Whopper of the Week: Bobby Thomson

Gossip, speculation, and scuttlebutt about politics.
Feb. 2 2001 3:23 PM

Whopper of the Week: Bobby Thomson

On Jan. 31, the Wall Street Journal published a Page One story by Joshua Harris Prager substantiating the longstanding rumor that Bobby Thomson's famous "shot heard 'round the world," the home run that won the New York Giants the 1951 pennant (recently memorialized by Don DeLillo in his novel Underworld), was assisted by stealing signs from the opposing team, the Brooklyn Dodgers. The method involved rigging a telescope in the team clubhouse at the Polo Grounds, which was located in center field, and installing a bell and buzzer system connecting the clubhouse to phones in the Giants' dugout and bullpen. Stealing signs with a "mechanical device" didn't become illegal in major league baseball until 1961, but the practice was considered sufficiently dubious that members of the 1951 Giants team refused to talk about it for nearly half a century. The Journal, which interviewed all 21 surviving players from the team and its sole surviving coach, got several of them to confirm the details on the record. It even got a look at the telescope, lovingly preserved by one of the players' grandchildren. Then it asked Thomson to comment:

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Mr. Thomson, now a widower, has never spoken publicly of sign stealing and has never raised the subject with [former Brooklyn Dodgers pitcher Ralph] Branca. "I guess I've been a jerk in a way," he says. "That I don't want to face the music. Maybe I've felt too sensitive, embarrassed maybe."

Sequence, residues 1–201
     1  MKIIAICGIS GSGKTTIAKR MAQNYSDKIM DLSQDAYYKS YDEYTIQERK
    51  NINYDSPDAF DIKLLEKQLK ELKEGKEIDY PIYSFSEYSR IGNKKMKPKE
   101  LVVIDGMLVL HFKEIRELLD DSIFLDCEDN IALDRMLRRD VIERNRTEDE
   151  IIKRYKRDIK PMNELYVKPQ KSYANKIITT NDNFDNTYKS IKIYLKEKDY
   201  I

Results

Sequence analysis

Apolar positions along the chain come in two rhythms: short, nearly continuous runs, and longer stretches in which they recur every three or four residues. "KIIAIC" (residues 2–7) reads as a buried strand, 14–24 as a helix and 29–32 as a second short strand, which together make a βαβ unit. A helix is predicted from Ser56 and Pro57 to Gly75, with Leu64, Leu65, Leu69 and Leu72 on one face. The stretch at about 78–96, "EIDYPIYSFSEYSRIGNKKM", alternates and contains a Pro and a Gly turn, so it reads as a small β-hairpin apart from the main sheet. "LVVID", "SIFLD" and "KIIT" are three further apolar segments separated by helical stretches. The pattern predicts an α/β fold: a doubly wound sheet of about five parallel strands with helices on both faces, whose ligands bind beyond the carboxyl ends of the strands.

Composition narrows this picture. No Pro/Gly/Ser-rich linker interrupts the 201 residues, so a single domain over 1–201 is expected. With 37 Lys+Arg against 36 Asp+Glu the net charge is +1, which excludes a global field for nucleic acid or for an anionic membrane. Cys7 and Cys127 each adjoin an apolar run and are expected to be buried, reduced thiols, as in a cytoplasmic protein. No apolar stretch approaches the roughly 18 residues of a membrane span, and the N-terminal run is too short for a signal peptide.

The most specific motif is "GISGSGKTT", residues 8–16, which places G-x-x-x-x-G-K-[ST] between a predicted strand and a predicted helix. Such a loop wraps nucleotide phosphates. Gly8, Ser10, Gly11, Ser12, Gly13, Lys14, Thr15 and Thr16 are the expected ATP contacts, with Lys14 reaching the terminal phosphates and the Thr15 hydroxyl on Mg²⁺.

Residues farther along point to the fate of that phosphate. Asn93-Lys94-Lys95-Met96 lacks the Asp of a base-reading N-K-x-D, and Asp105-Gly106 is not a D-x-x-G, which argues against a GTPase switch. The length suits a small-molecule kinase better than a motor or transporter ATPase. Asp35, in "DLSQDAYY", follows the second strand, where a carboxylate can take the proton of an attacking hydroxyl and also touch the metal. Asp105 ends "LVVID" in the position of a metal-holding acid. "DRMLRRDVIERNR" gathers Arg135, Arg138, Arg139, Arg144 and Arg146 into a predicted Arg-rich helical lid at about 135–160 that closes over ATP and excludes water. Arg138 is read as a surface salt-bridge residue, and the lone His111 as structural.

Mr. Thomson sits on his couch, wearing the tweed jacket and tie he wore to church that morning. Suddenly, he uncrosses his legs, squares his feet with his shoulders and puts his fists together, right over left, as if gripping a bat. He hunches his torso forward and turns his head toward his left shoulder. He looks out of unblinking eyes into his fireplace.

Did he take the sign?

From the batter's box, "you could almost just do it with your eyes," Mr. Thomson says.

His hands relax. He drops his arms to his sides.

Did he take the sign?

"I'd have to say more no than yes," he says. "I don't like to think of something taking away from it."

Pressed further, Mr. Thomson later says, "I was just being too honest and too fair. I could easily have said, 'No, I didn't take the sign.' "

He says, "It would take a little away from me in my mind if I felt I got help on the pitch."

But did he take the sign?

"My answer is no," Mr. Thomson says.

He adds, "I was always proud of that swing."

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